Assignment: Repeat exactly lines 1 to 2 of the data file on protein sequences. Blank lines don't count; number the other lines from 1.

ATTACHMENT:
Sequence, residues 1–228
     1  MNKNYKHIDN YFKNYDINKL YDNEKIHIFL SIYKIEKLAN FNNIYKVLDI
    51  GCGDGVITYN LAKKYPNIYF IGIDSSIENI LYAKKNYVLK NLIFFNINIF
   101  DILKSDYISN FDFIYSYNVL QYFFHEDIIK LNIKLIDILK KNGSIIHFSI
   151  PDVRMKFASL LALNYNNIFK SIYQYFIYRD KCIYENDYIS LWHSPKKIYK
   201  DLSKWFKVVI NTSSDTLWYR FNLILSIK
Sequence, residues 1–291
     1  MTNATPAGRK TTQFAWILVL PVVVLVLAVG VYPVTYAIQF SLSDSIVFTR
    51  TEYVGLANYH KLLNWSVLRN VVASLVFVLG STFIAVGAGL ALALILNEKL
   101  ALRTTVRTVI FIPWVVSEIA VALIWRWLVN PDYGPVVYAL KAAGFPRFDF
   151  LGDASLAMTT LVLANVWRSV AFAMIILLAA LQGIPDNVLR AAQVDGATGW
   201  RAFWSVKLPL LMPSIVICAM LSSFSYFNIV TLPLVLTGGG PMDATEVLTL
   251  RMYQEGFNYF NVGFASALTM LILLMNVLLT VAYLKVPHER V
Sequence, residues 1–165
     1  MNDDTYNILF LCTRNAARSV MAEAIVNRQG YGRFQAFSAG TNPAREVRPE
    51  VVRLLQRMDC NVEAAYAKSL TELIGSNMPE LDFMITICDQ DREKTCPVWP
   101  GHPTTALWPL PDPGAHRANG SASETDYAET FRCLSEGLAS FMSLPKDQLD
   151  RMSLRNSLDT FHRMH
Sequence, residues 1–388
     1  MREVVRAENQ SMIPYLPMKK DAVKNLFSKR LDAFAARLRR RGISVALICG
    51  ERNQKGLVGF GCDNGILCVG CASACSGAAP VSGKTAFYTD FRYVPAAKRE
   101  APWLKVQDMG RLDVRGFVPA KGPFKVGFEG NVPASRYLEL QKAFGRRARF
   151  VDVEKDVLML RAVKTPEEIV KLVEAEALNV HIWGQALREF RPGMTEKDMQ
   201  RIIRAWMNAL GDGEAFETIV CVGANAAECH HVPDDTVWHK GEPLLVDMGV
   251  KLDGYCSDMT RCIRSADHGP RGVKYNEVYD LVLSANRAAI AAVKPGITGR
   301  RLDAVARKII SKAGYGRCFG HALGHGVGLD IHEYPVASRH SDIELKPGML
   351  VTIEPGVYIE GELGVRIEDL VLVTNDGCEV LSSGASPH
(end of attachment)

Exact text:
Sequence, residues 1–228
     1  MNKNYKHIDN YFKNYDINKL YDNEKIHIFL SIYKIEKLAN FNNIYKVLDI